A Recombinant HAV Expressing a Neutralization Epitope of HEV Induces Immune Response against HAV and HEV in Mice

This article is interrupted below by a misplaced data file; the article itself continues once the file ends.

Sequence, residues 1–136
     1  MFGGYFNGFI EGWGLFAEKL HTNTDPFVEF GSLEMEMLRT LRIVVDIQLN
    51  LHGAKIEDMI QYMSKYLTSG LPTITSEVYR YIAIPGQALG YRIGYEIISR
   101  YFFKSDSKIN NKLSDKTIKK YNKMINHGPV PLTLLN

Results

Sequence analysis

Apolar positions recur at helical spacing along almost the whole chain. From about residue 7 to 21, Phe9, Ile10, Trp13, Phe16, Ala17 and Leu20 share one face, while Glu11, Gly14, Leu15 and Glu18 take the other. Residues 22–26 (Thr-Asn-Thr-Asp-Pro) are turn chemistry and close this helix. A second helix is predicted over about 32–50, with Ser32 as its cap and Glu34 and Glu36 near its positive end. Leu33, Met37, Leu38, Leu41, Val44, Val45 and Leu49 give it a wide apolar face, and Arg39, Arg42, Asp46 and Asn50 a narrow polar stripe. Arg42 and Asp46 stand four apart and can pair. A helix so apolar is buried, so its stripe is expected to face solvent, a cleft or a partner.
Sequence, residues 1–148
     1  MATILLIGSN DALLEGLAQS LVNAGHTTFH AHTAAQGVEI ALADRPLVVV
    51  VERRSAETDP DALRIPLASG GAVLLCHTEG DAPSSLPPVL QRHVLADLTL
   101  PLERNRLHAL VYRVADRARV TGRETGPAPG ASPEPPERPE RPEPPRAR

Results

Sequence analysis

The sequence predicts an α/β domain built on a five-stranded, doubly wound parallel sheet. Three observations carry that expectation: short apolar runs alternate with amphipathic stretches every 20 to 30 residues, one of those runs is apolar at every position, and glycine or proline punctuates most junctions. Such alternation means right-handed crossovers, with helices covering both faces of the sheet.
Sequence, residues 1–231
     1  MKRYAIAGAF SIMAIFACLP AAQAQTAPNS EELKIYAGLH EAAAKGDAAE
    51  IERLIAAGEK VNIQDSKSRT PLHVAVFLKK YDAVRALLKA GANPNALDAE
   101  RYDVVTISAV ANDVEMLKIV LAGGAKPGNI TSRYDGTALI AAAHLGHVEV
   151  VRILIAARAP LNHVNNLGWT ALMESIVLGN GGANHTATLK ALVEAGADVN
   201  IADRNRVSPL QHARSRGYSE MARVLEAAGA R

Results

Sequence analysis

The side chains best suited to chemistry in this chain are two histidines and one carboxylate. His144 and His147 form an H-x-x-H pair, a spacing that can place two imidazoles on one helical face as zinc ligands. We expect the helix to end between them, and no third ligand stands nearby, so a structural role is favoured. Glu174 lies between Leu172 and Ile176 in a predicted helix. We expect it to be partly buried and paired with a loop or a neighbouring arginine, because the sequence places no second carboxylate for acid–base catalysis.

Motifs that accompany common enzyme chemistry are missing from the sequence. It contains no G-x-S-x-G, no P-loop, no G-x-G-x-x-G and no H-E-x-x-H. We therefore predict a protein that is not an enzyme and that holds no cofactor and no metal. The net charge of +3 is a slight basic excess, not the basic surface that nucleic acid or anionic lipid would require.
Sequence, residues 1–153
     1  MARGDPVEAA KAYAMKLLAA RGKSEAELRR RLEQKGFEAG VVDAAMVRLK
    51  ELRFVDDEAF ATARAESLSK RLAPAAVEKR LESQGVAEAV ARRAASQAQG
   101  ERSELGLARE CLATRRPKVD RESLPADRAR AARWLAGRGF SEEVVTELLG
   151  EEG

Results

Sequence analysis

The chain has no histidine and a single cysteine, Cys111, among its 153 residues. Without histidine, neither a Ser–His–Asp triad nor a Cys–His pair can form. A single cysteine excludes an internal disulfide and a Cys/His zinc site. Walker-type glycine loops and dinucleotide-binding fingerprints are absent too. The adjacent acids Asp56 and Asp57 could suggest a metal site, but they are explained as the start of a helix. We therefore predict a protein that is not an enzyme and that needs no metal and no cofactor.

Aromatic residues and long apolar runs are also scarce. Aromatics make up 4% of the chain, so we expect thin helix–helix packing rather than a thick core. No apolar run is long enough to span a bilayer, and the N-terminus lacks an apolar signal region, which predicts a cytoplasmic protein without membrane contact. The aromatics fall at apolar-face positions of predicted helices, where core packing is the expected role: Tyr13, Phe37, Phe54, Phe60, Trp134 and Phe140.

Hepatitis A virus (HAV) infections result in different courses of the disease, varying between normal, prolonged and relapsing. However, the reason for these heterogeneous clinical appearances is not understood. As HAV-anti-HAV IgA immunocomplexes (HAV-IgA) infect hepatocytes, IgA was postulated as a carrier supporting hepatotropic transport of HAV, and it was speculated that this carrier mechanism contributes to the various clinical outcomes. In this study, the IgA-carrier mechanism was investigated in a mouse model. We show that HAV-IgA immunocomplexes efficiently reached the liver not only in HAV-seronegative mice, but also, and this is in contrast to free-HAV particles, in immunized HAV-seropositive animals. This IgA-mediated transport of HAV to the liver in the presence of immunity depended on the stage of development of the immune response. We conclude that over a period of several weeks after infection, anti-HAV IgA is able to promote an enterohepatic cycling of HAV, resulting in continuous endogenous reinfections of the liver. Our experiments indicate that highly avid IgG antibodies, which are present at later times of the infection, can terminate the reinfections. However, the endogenous reinfections in the presence of a developing neutralizing immunity might contribute to prolonged as well as to relapsing courses of HAV infections. Furthermore, the results show that serum IgA may act as an infection protracting factor.